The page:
mon-Iaw ·rtt1e,-1.>revalentln selme of the staJtee,' but not appl1cable to this' case,-that' the executor or admini&tmtor takes the title to thepeNiOhal estate, and may deal with it substantially as the owner could when in life. The law of ]indian'a since 1852, if not longer, has been different; and, if these lands are to be treated as personalty, it is the law of Indiana, where Ewing lived and died, that m'ILSt govern. By that law the title of personalty, as well as of real estate, descends to the heir at unless otherwise directed by will; and as the executor oradininistr8itor 'has statutory authority to sell only at public auction, unless otherwise ordered by the court, it is held that a private sale, without order of court OIl' testamentary authority, oonfetSno title. Weyer v. Bank, 57 Ind. 198. It may that the executors in this case had authority to make a settlement with Sweetser, and, if a balance was found due him, to pay it with money of the esmte in their hands, of which it is shown they had an abundance; but, even if they were with· out money, they had no authority, without an order of court, to discharge the debt owing to Sweetser, or to otheT CTooitors, by transfer of property, whether personal or real, and especially not by a transfer of land, though capable, if there was nece8'Sity for it, of being treated as personalty, beeause it is the policy of the law, in Indiana, to protect the interests of the widOlW and heir rut law in real estate, and to thllit end the personal estate of a decedent is made the primary fund for the payment of all debts, including mortgages and other liens upon real estate. Hunsucker v.' Smith, 49 Ind. 114; Elliott v. oale, 113 Ind. 383, 404, 14 N. E. Rep. 708, and cases cited: Indeed, the statute in force since 1852 requires the,payment of "debts secured by liens upon the personal and real estate of the decedent, created or suffered by him in his lifetime," before the payment of geneool debts and legacies. Re· vision 1881,§ 2378. It was therefore the duty of these executOl"S, under the law, as well as by the requirements of the will, to pay Sweetser whatever was ascertained to be due him, out of moneys of the trust in their hands, and thereby preserve the land in question as real estate, and, if they had not ready money for that purpose, to obtain it out of the personal estate proper under the authority'given them by the sixth clause of the will. They had no more right (unless given in the will, which is not pretended) to pay him by transferring Ewing's interest in the partnership lands than they would have had to pay him by transferring real estrute which had never belonged to 1Jhe partnership. It is further to· be observed that by. an act of the Indiana legis. lature approved March 5, 1859, (Bess. Laws 1859, p. 134,) which remained in force until 1877, when it was amended, a surviving partner wa's required, within 60 days after the death of the copartner, to rn'ltke a full, true, and complete inventory of the estate, goods, chattels, rights, credim, and effects within his knoswledge, and to· eause the same to be appraised, and to :file with the clerk of the court an affidavit that the schedule filed by the ap-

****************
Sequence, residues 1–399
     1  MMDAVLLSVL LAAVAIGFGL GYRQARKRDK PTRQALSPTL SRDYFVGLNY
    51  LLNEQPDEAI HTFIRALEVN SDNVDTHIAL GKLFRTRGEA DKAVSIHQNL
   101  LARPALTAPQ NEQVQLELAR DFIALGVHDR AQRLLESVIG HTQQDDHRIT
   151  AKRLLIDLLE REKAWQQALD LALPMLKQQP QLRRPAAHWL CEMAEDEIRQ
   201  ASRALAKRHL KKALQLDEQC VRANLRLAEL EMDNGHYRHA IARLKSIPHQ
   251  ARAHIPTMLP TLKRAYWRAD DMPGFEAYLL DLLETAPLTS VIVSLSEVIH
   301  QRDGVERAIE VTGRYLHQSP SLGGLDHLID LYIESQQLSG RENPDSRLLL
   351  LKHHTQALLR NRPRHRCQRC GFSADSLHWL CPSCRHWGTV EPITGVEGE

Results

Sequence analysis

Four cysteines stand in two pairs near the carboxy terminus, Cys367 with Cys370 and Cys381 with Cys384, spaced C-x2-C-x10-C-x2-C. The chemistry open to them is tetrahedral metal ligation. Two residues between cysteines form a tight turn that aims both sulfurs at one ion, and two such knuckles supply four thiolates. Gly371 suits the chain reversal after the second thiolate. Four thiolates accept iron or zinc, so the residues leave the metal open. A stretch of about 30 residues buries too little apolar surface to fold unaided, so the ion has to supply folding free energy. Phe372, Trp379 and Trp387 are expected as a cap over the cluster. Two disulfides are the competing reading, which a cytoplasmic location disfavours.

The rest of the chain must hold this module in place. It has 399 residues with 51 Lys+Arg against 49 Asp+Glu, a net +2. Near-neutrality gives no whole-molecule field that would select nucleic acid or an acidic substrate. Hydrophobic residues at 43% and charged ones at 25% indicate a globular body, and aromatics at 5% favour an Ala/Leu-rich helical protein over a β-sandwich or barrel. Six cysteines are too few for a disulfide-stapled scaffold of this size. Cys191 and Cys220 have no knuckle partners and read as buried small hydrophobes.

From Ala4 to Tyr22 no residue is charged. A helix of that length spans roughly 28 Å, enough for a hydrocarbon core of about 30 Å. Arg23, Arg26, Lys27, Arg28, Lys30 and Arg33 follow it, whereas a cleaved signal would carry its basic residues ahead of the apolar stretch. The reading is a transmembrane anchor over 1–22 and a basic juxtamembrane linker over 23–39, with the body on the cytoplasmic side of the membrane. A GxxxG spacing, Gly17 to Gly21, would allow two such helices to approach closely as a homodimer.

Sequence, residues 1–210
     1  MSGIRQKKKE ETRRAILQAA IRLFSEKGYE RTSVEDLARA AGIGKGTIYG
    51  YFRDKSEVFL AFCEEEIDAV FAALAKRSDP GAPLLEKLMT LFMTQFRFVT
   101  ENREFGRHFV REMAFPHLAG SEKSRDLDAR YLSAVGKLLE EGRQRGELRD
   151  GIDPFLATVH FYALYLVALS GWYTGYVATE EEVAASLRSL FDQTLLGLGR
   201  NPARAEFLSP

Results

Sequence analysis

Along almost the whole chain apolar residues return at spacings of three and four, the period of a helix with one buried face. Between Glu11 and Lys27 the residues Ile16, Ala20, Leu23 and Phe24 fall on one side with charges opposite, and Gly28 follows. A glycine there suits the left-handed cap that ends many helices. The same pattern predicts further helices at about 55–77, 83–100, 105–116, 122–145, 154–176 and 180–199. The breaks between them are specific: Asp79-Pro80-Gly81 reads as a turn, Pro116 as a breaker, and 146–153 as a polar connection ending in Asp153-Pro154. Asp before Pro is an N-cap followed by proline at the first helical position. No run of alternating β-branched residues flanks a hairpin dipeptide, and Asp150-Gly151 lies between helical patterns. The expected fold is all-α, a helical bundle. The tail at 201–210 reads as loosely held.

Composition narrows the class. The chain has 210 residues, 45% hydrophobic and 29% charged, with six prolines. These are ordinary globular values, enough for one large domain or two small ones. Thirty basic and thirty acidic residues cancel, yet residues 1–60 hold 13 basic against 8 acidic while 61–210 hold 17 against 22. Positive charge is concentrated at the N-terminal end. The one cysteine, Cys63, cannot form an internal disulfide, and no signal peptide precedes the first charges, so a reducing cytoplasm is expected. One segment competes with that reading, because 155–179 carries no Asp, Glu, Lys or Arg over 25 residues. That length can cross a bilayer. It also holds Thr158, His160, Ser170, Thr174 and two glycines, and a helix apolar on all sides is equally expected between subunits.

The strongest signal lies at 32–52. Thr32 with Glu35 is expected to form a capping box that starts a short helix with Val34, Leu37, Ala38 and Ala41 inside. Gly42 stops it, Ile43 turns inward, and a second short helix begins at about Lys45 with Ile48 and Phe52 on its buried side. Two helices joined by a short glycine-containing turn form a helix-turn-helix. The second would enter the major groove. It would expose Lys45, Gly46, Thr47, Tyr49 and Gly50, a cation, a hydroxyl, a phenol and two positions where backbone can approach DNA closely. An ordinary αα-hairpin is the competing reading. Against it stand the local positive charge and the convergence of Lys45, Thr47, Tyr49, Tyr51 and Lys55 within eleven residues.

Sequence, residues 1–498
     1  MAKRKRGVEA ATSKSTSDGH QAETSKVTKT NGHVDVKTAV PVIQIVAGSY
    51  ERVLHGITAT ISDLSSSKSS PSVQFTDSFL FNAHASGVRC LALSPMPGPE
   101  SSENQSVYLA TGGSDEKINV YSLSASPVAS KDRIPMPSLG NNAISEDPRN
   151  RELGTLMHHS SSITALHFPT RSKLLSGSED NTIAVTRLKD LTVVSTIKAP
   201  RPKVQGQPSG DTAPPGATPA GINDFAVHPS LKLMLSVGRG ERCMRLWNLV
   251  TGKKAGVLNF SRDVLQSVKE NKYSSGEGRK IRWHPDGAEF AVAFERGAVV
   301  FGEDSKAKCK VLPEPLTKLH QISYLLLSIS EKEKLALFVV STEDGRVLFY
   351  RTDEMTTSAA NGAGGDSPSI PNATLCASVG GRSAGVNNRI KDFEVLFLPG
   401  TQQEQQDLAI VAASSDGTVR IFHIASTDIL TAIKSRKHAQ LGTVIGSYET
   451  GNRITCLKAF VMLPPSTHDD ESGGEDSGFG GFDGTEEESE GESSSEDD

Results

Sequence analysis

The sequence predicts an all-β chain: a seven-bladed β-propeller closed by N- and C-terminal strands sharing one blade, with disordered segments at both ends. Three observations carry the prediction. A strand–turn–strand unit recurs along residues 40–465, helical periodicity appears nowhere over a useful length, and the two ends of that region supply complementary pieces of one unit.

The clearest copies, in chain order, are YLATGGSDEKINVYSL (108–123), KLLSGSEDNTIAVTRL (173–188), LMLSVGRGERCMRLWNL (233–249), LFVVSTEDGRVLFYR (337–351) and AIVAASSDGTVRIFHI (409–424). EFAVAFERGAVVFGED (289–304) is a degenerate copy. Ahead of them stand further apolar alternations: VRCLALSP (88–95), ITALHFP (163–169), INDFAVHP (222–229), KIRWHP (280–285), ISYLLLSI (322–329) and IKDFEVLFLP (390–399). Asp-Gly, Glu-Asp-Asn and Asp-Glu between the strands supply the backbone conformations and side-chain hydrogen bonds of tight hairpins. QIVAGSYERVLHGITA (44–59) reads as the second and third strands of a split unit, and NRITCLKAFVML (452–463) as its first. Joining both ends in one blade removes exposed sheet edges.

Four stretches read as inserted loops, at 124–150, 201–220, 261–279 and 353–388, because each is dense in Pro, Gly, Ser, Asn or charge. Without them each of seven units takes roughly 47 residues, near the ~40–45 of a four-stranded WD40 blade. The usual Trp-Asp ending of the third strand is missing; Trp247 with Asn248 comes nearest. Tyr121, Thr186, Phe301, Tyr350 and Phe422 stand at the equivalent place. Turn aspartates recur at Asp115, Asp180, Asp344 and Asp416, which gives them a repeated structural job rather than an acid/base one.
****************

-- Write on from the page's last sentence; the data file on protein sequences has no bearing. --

PARK V. NEW YORK, L. E. & W.R. CO.
pmisers contained a full .and true statement of the partnershi, property. This statute was nO't complied with by Sweetser. There is another reason why it was not competent, on the 11th day of December, 1866, to treat this land as personalty. If that right ever eXiBted, it was extinguished by the transaction of December 8th. By the deed of that date, Sweetser accepted a conveyance of the undivided one-half of the land described, including that in suit, in dischJl;rge of the trust under which Ewing had held the title, thereby tenant in common with the legatees of Ewing. By that act the partnership character of the land was lost, and if the account between the partners was not then or thereby settled, or if "Sweetser's agreement and release" of that date was not delivered till later, the account then became a personal one, into the adjustment of which the lands could not be drawn on the tiheory of being partnership assets. If the title and trust had been in Sweetser, instead of Ewing, and, in execution of the trust, he had conveyed the half interest to the Ewing legatees, he might thereafter, with equal propriety, have taken a conveyance from the exeCUWl1S in adju&tment of the partnership accounts and liabilities. Upon no view of the case can I think the appellee entitled to affirmative relief in equity. If, by lapse of time or otherwise, it had acquired a legal right against the appellants, or any of them, before the suit for partition was brought, it may be set up as a defense to that procedure.
PARK v. NEW YORK, L. E. & W. R. CO. '(CIrcuit Court, S. D. New York. September 26, 1893.)
RAILROAD COMPANy-LEASE-NONPAYMENT OF RENT-RECEIVER.
Defendant company leased the railroad of petitioner, and operated it for several years. As rental, defendant covenanted to pay 32 per cent. of the gross earnings. The lease provided that a breach by defendant od' any of its covenants should be cause of forfeiture, at the option of petitioner, and that thereupon petitioner might· enter into possession of the property. On July 25, 1893, on a bili alleging the insolvency of defendant, receivers of its property were appointed. At the time when the receivers entered into possession, defendant was in arrears in payment of the rent already due to an amount of more than $300,000. After the receivers entered into possession, they paid petitioner for the use of the property, out of the assets of the receivership, $331,439,-a little more than the net earnings of the leased property for the same period. This sum, however, was considerably less than the ",mount stipulated in the lease. On August 8, 1893, upon a petition shOWing the importance to the petitioner of prompt payment of the sums stipulated by the lease, to enable it to pay its obligations to its bondholders and to subordinate roads leased by it, petitioner asked that the court order the receivers to perform all the obligations of the lease; that they pay the rent then due; that, if Without money to make such payment, they should issue receivers' certificates for all rent due or to be<-'Ome due; and that such certificates be decreed a charge and lien upon the property of defendant in the possession of the court and the receivers, prior to defendant's outstanding mortgages. No application was